Bringing the 2015-2020 Dietary Guidelines to the Family Table

Want to see how a dietitian’s family strives to follow the recommendations from the Dietary Guidelines for Americans 2015-2020? Here’s a glimpse of how I’m bringing the DGAs to the table.

Meals in the Grainger household are nothing short of chaotic with two constantly hungry (and slightly “choosy”) little girls. However, I always find ways to make meals fun by focusing on practical, doable, and delicious solutions to work in favorite foods and tons of nutrition. As a full-time working mom, wife, and registered dietitian with a love of food, the kitchen is my haven and the place where I am able to nurture my family. While the girls challenge me daily by changing their likes and dislikes of certain foods faster than I can plan the next meal (or, let’s face it, whip something together at the last minute), providing my family with a variety of nutritious foods through meals and snacks is one of my greatest responsibilities.

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With the release of the new Dietary Guidelines for Americas 2015-2020 (DGAs) and with March being National Nutrition Month, it is the perfect time to really focus on good eating habits with my family like meeting the recommended 3 daily servings of dairy, reducing sugar, boosting fruit and vegetable intake, and choosing lean meats and healthier fats. According to the DGAs, the US population (1 years old and older) falls short of the recommended intake goals for many healthy foods and severely overeats poor food choices. In fact, 86% eat less than the recommendation for dairy, 87% eat less for vegetables, 75% eat less for fruits, and 44% eat less for total grains while eating 70% more than the recommended limit for added sugar, 71% for saturated fat, and 89% for sodium. Since children ages 2 to 5 years (where my girls fall) are most likely to consumer three meals a day, with 84% consuming three meals and most often, two or more snacks. This gives me up to 5 opportunities every day to add more nutrient-rich foods into their diets.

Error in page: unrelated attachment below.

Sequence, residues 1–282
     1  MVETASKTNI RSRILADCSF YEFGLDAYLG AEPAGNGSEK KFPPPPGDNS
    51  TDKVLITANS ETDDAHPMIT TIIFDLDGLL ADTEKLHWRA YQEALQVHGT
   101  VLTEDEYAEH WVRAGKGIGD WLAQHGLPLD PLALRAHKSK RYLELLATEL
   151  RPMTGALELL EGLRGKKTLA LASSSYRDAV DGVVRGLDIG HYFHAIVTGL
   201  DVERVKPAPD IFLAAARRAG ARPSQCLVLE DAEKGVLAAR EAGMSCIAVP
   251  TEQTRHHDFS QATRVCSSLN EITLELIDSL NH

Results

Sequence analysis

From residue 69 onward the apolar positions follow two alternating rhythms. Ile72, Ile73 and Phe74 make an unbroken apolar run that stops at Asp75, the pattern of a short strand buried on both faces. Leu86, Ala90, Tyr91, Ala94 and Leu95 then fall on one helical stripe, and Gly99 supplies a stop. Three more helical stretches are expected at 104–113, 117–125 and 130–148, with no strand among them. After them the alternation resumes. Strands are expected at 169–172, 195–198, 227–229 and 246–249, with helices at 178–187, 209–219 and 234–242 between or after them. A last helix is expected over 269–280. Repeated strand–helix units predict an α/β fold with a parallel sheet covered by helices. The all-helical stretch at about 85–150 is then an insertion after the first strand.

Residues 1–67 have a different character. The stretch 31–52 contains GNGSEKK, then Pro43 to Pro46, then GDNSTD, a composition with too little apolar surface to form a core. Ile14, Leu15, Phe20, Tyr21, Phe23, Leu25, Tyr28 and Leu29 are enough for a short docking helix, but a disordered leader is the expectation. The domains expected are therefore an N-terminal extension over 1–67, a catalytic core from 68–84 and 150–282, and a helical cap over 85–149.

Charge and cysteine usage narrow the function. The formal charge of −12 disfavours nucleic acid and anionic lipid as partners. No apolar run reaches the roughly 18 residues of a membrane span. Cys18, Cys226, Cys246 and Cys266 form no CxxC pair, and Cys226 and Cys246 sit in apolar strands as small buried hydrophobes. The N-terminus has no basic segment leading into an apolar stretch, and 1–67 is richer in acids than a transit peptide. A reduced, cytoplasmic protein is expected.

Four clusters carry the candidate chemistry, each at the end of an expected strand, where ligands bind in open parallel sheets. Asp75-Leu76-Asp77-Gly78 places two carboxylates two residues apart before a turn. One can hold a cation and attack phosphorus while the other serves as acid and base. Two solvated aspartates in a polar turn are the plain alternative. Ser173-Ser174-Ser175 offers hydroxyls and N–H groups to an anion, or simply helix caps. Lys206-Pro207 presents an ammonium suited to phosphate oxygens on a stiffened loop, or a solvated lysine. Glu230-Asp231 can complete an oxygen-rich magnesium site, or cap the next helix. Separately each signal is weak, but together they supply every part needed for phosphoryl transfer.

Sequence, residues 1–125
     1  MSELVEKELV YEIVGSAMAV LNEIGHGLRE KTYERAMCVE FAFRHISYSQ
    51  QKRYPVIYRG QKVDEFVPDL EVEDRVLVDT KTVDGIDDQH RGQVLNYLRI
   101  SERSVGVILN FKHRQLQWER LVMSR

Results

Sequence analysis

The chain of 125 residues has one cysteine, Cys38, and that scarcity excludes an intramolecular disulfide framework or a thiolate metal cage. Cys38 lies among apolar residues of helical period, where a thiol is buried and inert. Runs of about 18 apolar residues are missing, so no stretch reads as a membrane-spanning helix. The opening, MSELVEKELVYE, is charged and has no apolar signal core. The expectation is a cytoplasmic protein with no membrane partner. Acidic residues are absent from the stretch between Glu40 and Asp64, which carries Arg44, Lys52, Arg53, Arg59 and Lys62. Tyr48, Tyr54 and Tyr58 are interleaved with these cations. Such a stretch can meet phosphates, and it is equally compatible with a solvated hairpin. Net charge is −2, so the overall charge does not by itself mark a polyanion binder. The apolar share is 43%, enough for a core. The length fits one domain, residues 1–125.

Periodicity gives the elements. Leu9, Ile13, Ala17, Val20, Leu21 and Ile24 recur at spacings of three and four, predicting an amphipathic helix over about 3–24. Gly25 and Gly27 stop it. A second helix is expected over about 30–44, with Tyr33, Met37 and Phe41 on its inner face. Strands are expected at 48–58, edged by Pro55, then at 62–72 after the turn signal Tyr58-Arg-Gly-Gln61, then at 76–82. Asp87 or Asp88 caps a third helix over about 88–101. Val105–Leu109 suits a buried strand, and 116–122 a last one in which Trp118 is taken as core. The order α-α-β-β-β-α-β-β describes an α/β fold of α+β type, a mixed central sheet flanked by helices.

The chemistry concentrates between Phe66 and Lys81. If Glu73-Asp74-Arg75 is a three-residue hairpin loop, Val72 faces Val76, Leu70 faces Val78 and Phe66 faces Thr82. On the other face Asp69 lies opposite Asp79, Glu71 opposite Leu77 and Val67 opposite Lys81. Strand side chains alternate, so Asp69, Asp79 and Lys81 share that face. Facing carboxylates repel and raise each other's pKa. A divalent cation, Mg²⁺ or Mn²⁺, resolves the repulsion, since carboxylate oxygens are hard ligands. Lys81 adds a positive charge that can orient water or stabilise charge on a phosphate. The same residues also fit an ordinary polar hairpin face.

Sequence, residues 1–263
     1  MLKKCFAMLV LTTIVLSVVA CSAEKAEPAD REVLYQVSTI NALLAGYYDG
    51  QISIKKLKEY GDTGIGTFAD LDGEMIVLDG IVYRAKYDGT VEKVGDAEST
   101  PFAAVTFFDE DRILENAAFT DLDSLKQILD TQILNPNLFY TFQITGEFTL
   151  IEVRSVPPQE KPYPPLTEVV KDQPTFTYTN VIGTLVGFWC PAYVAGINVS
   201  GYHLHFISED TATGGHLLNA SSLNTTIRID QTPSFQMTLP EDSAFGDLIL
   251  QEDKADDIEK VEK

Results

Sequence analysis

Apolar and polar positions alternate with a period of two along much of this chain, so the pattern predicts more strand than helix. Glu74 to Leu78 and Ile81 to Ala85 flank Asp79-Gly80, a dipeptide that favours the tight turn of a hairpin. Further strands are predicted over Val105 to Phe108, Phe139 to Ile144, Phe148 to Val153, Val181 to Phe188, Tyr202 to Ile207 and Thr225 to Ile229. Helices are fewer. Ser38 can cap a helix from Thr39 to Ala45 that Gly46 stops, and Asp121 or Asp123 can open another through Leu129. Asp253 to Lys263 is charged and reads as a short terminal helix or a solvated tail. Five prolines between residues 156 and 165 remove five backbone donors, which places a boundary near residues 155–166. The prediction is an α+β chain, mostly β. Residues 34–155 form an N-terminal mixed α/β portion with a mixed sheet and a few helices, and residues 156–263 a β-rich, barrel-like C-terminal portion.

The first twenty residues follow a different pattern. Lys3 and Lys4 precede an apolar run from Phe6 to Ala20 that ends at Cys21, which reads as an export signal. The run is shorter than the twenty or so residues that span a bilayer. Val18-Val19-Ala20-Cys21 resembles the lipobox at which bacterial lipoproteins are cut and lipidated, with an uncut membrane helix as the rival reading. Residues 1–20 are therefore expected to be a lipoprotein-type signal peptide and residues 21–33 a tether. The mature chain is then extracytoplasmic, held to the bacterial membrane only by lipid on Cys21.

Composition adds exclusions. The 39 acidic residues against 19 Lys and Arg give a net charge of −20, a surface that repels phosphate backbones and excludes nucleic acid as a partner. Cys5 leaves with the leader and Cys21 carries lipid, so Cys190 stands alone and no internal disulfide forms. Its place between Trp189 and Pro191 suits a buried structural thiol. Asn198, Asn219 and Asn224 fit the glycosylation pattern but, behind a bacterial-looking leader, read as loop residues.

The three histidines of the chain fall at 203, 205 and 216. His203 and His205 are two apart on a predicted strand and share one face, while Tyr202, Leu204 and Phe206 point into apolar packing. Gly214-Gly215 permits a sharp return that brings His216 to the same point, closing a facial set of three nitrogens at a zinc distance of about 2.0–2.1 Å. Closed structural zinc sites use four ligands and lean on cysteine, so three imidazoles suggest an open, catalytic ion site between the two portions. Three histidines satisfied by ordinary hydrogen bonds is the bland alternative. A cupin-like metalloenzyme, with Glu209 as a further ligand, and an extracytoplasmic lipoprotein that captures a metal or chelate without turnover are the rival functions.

My goal with each meal and snack is to make sure it offers a source of protein, fiber, and healthy fat. By focusing on an overall healthy eating pattern as recommended by the DGAs, I take into consideration all that we eat and drink and the role it plays in helping us meet our individual nutrition needs when planning meals and snacks. We aren’t perfect every time but it is a goal I set to help to support a healthy weight and lesson the risk for chronic disease.

Meals in our house vary every day but I hope you enjoy this snapshot of what we ate today to give you a better look at how a dietitian mom feeds her family.


Today for breakfast I busted out the blender and set up a smoothie bar. I let the girls add their favorite fruits to the blender then topped them off with 2% plain Greek yogurt and low-fat milk. Along with a rainbow of fresh fruits (banana, peach, raspberry, and strawberry this morning), this smoothie not only contributes to our daily requirement of dairy and fruit but the milk and Greek yogurt provide protein. Getting enough protein in the morning helps keep us feeling fuller longer.